When we measure volatility, it pays to think about how a trade is actually completed. As we have seen through many outlets, this year has been one with very few 1% moves in the market. Well, are we all complacent or is it something else. When I want to buy a stock, I go into the market and place a limit order. I may be up against algorithms, but a human programmed them, so essentially the parameters are human. What happens when there is a constant buy pattern, on an automatic schedule? The market would go up steadily.
That may be what automated and index investing has done for us-created a smooth ride up. When a few people decided what is good for us (the index-makers), and we follow herd mentality into it, volatility, or in this case, free thought and action, are less. So now an increasing percent of capital is in an automatic investment plan which tends to focus on index funds. This means less buyers are thinking about price and the index provider is buying no matter the underlying value.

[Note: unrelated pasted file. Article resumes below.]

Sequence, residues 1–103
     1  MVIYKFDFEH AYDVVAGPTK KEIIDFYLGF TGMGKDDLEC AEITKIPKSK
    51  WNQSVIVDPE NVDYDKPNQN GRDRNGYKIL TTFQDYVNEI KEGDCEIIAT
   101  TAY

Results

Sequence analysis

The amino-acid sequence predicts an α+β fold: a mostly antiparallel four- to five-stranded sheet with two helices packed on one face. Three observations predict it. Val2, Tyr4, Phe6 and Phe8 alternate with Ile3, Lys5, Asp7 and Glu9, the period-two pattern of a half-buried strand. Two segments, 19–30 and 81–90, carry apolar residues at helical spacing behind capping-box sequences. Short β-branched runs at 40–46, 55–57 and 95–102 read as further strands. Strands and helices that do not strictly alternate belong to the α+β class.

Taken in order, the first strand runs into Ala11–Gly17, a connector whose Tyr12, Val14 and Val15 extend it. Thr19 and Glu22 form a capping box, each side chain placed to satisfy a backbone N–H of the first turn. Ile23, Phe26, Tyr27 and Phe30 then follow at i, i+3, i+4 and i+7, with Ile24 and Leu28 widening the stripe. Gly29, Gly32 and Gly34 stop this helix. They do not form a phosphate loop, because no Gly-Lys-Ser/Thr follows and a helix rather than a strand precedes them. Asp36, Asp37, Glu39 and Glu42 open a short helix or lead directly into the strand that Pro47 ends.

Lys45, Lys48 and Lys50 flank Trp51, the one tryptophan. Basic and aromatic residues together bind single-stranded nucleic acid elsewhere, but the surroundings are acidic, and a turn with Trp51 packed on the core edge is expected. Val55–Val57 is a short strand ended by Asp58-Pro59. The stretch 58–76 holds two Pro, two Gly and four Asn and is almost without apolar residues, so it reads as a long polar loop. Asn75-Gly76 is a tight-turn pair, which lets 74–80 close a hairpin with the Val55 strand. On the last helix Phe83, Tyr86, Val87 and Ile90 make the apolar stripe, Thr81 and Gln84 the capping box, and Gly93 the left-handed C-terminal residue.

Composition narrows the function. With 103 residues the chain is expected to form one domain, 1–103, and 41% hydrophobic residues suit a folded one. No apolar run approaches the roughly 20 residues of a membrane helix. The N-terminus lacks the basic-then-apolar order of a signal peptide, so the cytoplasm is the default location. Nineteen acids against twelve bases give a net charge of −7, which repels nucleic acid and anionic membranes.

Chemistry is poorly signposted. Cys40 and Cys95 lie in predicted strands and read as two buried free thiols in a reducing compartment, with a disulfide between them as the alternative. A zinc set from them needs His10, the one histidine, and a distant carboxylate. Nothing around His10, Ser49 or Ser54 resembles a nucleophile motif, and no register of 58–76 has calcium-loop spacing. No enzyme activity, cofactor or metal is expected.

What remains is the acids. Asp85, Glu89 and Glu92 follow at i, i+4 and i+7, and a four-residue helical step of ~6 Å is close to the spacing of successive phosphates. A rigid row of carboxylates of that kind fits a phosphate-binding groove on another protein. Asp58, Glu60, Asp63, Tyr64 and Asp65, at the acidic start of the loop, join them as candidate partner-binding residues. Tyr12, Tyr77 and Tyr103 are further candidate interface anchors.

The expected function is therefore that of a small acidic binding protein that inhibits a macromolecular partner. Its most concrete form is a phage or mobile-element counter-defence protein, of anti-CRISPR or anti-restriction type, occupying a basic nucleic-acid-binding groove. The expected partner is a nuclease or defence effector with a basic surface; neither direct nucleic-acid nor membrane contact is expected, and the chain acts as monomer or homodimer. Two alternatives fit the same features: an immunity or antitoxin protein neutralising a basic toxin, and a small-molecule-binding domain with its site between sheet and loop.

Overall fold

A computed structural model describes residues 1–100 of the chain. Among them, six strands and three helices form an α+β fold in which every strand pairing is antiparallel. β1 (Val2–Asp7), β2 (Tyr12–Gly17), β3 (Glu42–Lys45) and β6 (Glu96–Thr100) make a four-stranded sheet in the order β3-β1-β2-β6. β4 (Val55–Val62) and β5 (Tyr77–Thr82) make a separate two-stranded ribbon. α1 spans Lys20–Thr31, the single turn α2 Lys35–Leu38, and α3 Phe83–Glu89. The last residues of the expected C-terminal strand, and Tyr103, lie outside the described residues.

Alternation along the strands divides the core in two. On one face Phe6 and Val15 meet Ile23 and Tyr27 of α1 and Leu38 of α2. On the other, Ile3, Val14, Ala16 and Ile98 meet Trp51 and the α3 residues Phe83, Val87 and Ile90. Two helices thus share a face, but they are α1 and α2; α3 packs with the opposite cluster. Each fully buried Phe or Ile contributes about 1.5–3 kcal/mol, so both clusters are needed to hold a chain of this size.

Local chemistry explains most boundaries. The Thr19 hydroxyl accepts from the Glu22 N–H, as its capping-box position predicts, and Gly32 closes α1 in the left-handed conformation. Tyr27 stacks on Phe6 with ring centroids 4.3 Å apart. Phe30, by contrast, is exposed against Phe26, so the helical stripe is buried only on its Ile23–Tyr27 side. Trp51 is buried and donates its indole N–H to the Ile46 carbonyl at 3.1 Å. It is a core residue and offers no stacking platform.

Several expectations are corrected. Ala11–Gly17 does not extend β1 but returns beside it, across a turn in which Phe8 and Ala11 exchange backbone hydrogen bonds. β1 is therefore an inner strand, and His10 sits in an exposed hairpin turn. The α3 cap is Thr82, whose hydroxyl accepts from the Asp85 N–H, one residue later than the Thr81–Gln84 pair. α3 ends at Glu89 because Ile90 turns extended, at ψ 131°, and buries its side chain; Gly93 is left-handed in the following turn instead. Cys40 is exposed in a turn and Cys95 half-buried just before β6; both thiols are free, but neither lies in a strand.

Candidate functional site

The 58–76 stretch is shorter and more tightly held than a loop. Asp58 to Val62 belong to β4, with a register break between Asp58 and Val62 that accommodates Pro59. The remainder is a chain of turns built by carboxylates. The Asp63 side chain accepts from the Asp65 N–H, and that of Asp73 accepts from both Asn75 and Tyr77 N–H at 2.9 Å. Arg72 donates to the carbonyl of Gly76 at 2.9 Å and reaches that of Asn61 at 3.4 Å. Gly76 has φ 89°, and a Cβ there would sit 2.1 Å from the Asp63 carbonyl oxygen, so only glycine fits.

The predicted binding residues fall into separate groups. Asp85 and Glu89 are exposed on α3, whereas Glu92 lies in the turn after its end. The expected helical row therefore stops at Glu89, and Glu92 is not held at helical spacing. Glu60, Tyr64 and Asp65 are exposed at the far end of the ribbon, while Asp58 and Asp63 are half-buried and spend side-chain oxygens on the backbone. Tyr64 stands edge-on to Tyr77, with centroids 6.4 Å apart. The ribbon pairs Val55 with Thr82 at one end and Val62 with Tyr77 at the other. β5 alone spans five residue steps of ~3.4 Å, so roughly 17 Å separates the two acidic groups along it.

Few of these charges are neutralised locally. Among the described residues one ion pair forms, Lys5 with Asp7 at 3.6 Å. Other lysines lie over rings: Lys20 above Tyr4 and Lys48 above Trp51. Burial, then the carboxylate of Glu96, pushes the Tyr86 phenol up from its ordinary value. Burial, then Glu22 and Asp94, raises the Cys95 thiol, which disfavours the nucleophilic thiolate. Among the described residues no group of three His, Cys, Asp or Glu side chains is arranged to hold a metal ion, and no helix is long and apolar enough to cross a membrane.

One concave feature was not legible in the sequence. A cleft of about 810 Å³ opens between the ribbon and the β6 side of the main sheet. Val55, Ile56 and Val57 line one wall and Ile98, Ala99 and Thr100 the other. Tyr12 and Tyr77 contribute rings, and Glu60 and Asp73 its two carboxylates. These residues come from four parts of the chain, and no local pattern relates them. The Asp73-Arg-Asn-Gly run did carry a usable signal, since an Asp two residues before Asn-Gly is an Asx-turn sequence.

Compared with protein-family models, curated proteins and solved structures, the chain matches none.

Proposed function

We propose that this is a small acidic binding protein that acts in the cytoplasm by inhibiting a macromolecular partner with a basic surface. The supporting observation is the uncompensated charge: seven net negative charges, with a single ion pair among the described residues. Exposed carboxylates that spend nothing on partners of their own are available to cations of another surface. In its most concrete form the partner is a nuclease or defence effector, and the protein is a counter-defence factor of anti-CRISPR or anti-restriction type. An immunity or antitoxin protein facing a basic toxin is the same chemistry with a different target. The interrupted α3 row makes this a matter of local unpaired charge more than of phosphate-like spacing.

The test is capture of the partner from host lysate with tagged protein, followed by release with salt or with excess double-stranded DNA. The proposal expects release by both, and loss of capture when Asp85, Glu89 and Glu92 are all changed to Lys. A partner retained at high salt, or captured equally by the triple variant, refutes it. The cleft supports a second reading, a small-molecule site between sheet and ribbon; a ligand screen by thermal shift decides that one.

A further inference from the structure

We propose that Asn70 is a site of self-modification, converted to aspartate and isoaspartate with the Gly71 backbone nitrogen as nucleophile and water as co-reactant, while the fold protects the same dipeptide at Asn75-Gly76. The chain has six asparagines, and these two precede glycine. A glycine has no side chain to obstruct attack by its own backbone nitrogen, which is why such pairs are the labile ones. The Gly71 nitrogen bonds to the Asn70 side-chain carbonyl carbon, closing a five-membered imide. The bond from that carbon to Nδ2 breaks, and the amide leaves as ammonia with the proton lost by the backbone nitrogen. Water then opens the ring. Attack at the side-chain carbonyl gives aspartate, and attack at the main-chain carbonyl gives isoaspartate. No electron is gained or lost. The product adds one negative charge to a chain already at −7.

This, in theory, and shown below in practice, has lowered the amount of free-float in the markets.
To combat any ingrained beliefs about indexing, it is a good idea to read a conflicting view. For this reason I am now reading: The Little Book of Common Sense Investing.
Sources: WSJ Daily Shot 9.29.17